Why The Person Who Created Bitcoin Remains a Mystery
Bitcoin was the first cryptocurrency created in 2009, but its origins can be actually traced all the way to 1980s when the Proof of Work algorithm invented by cryptographer David Chaum was first used to contain email spammers. The principle required solving a puzzle for each email to be sent out and the puzzle became more complicated with each email sent off the list. Proof of Work is now used in blockchain. The computer must solve this complicated equation in order to prove the authenticity of the transaction and make it verified.
Before Bitcoin there was a number of cryptocurrencies that reached some level of popularity over the years. David Chaum later invited DigiCash that has a brief success history and was even going to be adopted by a large bank. Unlike cryptocurrencies today it had unlimited supply and a centralised owner.
The early experiments with decentralised transactions and electronic cash exploration paved the way for the creator of Bitcoin, the mysterious Satoshi Nakamoto. His famous white paper “Bitcoin: A Peer to Peer Electronic Cash System” in October 2008 became the first ever knowledge of blockchain. The paper outlined uses for cryptocash, detailed the principle of blockchain and how the coin can be mined using computing power to solve puzzles and confirming transactions.
The revolutionary white paper claimed that Bitcoin could be an example of a deflationary currency which could not be affected by governments or other central authorities to artificially increase the supply of the currency and as a result devalue its value. The white paper explained how banks stifle the development of the financial system, why the trustless economy is the future, and how blockchain with its irreversible transaction principle could benefits merchants and businesses in general.
Just two months before the publication, in August 2008, Neal Kin, Vladimir Oksman and Charles Bri filed a patent application for the encryption technology. Someone also registered the domain name bitcoin.org same month using anonymousspeech.com which allowed anonymous domain registrations. All people associated with the white paper denied being the first cryptocoin creator or of being behind the white paper ideation.
From 2009 activists began mining and first blocks were created. The first crypto transaction was also made in 2009 to the computer programmer Hal Finney who received 10 BTC. Another programmer named Nick Szabo made himself famous for buying two pizzas for 20 BTC.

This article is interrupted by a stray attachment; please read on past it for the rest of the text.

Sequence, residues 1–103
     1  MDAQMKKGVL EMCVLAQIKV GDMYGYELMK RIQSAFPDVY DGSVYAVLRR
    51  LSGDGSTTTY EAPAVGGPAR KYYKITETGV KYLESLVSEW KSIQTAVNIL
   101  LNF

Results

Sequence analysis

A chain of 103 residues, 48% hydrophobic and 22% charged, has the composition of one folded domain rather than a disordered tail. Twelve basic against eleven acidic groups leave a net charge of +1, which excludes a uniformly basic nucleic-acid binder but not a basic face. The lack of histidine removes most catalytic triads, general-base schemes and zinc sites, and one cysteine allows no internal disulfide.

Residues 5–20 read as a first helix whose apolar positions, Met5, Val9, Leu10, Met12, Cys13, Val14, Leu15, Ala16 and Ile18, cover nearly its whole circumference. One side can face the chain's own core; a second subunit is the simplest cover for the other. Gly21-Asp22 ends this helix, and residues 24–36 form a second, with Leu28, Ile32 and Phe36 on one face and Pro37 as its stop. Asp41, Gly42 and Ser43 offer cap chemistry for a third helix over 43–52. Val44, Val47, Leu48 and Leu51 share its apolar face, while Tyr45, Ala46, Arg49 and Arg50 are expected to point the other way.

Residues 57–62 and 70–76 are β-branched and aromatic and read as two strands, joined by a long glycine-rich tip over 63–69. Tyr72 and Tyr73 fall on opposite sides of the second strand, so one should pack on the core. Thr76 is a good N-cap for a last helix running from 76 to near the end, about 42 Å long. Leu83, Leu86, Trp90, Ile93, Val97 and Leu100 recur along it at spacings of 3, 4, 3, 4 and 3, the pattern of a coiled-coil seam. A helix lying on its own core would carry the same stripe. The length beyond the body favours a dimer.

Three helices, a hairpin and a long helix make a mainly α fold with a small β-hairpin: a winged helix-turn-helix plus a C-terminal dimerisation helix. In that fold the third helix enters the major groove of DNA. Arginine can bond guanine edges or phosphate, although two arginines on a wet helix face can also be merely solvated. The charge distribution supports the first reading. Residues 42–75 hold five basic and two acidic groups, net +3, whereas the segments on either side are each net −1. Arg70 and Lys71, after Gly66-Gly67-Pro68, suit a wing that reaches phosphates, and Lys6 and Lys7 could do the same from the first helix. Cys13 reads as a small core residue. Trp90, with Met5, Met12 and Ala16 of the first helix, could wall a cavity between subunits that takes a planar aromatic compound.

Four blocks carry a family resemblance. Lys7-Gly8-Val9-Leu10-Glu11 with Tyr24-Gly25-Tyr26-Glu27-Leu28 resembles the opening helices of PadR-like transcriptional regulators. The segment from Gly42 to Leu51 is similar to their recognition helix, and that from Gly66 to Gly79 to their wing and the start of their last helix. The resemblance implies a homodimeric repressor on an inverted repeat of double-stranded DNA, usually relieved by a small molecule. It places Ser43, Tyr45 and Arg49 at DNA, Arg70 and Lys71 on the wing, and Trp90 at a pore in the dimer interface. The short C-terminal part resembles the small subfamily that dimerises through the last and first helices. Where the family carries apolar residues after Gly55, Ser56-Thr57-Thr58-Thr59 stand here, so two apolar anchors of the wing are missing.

Nakamoto and other cryptography enthusiasts began exchanging coins for services and soon the first official exchange rate of $1 = 1,309.03 BTC was established. The rate was derived from calculations on how much electricity it would cost to mine 1 Bitcoin.
Very little is known of the inventor of the first cryptocoin. Even the Nakamoto name is a mystery. Is he actually a person, and if so, a man or a woman? Is this an alias of a group of technology experts – maybe the group who holds the patent for encryption technology? No one knows for sure, and if anyone does, they are not willing to say.
All we know for sure that Nakamoto invented the principle behind Bitcoin, made sure that the first ever cryptocurrency is becoming widely adopted, and then disappeared from the public eye, never to be heard again. The rumor has it that Nakamoto had an unclaimed Bitcoin wallet address which remained out there, containing enough Bitcoins to make someone lucky a billionaire. The fruitless search for that wallet continues, as more and more promising programmers have been suspected to be the brain behind the first crypto coin.
We can only speculate that the possible disappearance of Bitcoin creator from public scene could be linked to the early days’ somewhat tarnished reputation of the first crypto coin. At that time it was mainly used by darknet operations or to buy illegal substances at infamous Silk Road marketplace. This continued until 2010 when cryptocurrencies came under tighter scrutiny from the U.S. federal government which looked into it and decided that it can be used for money laundering and other illegal activities. In 2013 the U.S.Financial Crimes Enforcement Network made its first ruling on the first crypto coin declaring cryptocurrency exchanges falling under the same level of scrutiny as other financial services businesses. Shortly the Department of Homeland Security froze the accounts of Mt. Gox, at that time the largest bitcoin exchange.
Despite the setbacks, Bitcoin continued to grow and develop its blockchain, as well as widening its adoption. Even though too much of investor’s attention created a danger of turning Bitcoin into a bubble, nothing at the time of writing predicts the end of the world’s most popular cryptocurrency.